It’s seems trite to call the young man featured in “Life According to Sam” (9 tonight, HBO) inspiring; after all, any child who fights illness with grace meets that mark. Yet it’s accurate to use that term for Sam Berns. He’s a thoughtful, intelligent narrator of his story, and he wants you to look beyond his illness and see his soulfulness.
That’s not easy to do. Sam has progeria, a progressive aging disorder that 1 in 4 million children get. The documentary tells Sam’s story and the story of his parents Dr. Leslie Gordon and Dr. Scott Berns. After they learn 2-year-old Sam has the disease, and a life expectancy of about 13, mom Leslie changes her career path to start a foundation and to do research to find a cure.
The documentary, directed by Sean Fine and Andrea Nix Fine, follows the family as Dr. Gordon launches a trial to identify whether a drug that already exists might help children with progeria. It takes the viewer through the ups and downs of the two-year trial and the process that could mean FDA approval for the drug. We meet other children from around the world who participate in the trial and their hopeful and thankful parents.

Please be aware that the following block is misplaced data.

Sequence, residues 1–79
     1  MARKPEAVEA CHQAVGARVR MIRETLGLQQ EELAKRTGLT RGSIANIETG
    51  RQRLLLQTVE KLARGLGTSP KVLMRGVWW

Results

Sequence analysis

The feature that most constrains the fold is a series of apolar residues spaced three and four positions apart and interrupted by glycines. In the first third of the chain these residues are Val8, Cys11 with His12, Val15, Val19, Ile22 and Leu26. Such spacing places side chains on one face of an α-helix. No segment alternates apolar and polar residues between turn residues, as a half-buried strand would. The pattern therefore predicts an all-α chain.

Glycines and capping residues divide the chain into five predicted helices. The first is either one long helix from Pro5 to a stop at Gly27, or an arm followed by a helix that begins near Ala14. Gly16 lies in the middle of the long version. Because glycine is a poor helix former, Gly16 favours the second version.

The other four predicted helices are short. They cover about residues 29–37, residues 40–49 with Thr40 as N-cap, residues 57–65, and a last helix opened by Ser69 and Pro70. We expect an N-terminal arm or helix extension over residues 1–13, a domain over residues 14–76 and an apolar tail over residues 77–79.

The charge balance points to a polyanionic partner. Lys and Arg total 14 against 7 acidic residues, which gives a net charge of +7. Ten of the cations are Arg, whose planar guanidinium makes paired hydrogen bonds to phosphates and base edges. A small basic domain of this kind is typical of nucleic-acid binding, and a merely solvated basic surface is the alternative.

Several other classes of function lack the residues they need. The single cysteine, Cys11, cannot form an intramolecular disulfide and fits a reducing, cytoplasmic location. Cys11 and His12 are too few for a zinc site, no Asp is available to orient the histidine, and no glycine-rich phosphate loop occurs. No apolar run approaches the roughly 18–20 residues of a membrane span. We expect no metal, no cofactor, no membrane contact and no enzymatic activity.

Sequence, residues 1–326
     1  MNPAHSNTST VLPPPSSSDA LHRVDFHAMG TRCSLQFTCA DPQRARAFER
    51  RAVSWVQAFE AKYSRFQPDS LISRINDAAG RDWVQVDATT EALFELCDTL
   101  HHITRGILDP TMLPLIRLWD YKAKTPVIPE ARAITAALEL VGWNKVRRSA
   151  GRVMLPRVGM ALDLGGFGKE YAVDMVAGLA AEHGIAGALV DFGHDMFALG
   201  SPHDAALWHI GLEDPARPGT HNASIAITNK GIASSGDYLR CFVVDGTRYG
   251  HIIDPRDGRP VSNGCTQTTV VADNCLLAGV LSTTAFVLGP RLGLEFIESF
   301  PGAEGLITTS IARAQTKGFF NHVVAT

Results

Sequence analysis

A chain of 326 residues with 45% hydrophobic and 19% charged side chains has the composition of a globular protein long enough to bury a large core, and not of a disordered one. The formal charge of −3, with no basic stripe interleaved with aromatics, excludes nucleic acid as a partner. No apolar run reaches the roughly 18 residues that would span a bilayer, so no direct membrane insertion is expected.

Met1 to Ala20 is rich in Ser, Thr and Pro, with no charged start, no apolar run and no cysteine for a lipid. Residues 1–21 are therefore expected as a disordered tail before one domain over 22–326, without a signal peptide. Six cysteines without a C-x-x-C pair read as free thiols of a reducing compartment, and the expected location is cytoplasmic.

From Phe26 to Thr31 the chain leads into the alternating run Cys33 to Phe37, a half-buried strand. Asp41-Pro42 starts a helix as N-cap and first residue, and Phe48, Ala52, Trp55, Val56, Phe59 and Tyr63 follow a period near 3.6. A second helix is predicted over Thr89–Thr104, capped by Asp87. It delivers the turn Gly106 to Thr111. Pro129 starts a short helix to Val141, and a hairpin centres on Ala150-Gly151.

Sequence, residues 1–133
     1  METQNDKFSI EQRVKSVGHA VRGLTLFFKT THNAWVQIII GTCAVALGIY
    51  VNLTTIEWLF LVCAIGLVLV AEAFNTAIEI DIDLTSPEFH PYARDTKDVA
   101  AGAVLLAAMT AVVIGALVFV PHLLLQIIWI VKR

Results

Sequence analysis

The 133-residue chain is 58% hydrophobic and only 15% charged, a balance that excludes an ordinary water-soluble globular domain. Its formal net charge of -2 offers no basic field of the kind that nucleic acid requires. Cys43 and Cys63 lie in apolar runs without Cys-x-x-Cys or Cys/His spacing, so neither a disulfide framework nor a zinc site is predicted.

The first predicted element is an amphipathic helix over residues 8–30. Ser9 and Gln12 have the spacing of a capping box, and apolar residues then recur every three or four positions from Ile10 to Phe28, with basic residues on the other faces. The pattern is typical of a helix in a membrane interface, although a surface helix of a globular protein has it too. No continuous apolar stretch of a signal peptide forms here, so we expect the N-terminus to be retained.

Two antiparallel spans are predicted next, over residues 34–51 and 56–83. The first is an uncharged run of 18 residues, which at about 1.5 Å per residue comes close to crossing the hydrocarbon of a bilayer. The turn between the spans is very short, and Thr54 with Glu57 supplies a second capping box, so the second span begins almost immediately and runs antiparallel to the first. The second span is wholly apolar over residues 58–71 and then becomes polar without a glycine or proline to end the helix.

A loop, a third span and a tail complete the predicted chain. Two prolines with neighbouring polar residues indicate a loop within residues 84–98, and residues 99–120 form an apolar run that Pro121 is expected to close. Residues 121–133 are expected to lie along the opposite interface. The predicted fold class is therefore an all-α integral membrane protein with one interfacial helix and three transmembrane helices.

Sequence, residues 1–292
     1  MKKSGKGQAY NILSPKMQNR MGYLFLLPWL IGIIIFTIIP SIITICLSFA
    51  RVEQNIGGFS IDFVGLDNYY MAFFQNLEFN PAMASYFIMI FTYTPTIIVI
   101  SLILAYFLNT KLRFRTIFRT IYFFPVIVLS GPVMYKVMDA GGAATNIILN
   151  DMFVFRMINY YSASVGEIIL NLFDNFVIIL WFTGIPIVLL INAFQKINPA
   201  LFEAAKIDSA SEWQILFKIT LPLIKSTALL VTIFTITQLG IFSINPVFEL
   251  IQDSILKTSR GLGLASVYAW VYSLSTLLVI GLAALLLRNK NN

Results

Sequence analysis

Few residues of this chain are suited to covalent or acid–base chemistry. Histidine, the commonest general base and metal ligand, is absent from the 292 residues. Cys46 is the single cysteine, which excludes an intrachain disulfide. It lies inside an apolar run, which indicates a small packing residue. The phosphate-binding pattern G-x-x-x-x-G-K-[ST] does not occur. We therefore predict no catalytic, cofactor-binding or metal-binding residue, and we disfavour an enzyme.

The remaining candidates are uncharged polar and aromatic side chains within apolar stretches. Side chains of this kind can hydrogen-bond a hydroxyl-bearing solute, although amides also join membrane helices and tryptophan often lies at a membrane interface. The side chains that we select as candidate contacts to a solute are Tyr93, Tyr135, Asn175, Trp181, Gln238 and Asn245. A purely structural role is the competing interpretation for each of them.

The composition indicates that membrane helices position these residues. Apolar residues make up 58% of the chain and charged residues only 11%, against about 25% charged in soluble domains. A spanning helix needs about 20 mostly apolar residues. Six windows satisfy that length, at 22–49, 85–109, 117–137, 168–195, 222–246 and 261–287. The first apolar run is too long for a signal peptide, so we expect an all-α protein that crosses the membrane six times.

All along, we’re grounded by Sam, who just wants to live like any middle school kid. He knows his limits: he’s tiny and fragile – his bones break easily. But he’s whip smart, kind, incredibly likeable. So likeable that I just kept thinking “Please don’t let Sam die!” Sam’s spirit and wisdom makes you want what seems a Hollywood ending -- that his mom find a treatment that keeps Sam alive for years, that Sam go to college, becomes a geneticist and finds the cure for himself and other children.
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Thankfully, the documentary is realistic; it shows that there’s a long road to that kind of ending. But it also shows that the ending isn’t as important as the moment. “Life According to Sam” means living each day fully, with urgency. After all, time is of the essence for all of us.